The basic function of nuisance
To begin with the scenario deals with the issue of private nuisance. This is defined by Professor Winfield as an "unlawful interference with a person's use of enjoyment of land or some rights over it, or in connection with it." Not all interference's will constitute a nuisance. The interference will only be unlawful if it is an unreasonable one.
The basic function of nuisance is to assist the rules of relations between neighbours. The courts have had to strike a balance between neighbours in order to see the reaction of whether the nuisance is going to be a reasonable one or not. Lord Wright in “Sedliegh Denfield V O Callaghan” stated, a balance has to be maintained between the right of the occupier to do what he likes on his own and the right of his neighbour not to be interfered with.
In the case of Hunter v Canary Wharf  2 All ER 426, Lord Lloyd stated that private nuisances are of three kinds. They are 1) Encroachment on a neighbour's land; 2) physical injury to a neighbour's land and 3) Nuisance by interference with a neighbour's comfort and convenience (intangible damage). Examples are smell, dust, and noise.
However this question only concerns physical damage and intangible damage.
There is an immense difference between physical damage and intangible damage. Lord Westbury distinguished between a nuisance that produces what he called material injury to property discomfort. He held that material damage to property can never arise from a reasonable use of property that it will always amount o a nuisance. He said that where intangible damage concerned the degree of interference it has to be measured against all the surrounding circumstances such as nature of the locality. In addition, where the Plaintiff complains about interference with use and enjoyment of land the courts will use balancing exercise to determine whether the defendants conduct was reasonable or not. With physical damage such matters are irrelevant as the occupier is protected from physical damage no matter where he lives. In addition where the Plaintiff complains about the interference with use and enjoyment of land in that physical damage has occurred the courts do not determine whether it is reasonable unless Defendant's use of land is abnormally sensitive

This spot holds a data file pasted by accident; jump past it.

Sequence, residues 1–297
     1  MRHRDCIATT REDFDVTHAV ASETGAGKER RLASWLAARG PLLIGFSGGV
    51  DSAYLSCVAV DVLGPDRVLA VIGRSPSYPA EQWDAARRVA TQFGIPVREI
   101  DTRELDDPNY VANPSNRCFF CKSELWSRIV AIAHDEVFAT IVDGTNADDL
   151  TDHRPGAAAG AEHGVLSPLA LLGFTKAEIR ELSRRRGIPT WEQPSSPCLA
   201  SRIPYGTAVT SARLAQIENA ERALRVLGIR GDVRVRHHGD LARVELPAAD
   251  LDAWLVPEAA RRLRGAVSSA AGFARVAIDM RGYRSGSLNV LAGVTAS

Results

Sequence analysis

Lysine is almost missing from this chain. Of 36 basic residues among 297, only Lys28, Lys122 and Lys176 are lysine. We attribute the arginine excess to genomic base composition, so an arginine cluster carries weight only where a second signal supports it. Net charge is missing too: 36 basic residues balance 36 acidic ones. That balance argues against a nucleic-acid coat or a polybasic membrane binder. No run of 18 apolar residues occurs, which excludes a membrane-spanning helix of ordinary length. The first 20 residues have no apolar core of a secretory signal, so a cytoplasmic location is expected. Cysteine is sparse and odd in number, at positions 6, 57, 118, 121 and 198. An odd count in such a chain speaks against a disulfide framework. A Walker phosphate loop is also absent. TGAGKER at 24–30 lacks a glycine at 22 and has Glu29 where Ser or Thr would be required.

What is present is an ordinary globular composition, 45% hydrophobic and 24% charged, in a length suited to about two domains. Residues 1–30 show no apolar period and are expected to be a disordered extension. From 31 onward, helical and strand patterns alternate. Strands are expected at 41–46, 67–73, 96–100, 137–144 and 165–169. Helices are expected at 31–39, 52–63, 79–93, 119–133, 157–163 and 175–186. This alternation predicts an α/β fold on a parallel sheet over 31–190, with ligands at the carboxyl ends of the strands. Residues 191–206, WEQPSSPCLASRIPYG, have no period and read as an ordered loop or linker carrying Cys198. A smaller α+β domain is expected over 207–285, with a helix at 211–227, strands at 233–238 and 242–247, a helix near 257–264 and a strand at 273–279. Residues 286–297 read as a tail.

The outcome of the distinction is that physical damage is more of a serious from of injury than a mere discomfort. In other words, actual damage to land is worse than damage to people's subjective interest in it. Also Interference that results in physical damage is more likely to be regarded more unreasonable than a less tangible harm such as loss of amenity (inability to sleep, sickness)
This usually requires the courts to engage in a more intricate balancing exercise taking into account a number of factors deciding whether an alleged interference is a nuisance. Courts are more willing to find an actionable nuisance where physical damage is evident than where an intangible damage is alleged.